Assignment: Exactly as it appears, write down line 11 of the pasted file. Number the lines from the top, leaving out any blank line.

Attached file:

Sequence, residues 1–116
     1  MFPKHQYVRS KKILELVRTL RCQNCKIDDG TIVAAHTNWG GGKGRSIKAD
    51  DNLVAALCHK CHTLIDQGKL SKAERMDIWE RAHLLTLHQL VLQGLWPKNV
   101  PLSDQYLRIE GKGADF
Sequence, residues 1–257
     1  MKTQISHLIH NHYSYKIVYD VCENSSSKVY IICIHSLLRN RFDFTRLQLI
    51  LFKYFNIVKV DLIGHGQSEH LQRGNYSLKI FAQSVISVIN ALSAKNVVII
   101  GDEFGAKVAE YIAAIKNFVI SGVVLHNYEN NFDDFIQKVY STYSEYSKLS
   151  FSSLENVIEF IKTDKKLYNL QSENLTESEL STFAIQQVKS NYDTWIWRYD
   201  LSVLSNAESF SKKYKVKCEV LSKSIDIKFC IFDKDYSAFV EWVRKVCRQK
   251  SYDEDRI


   251  SYDEDRI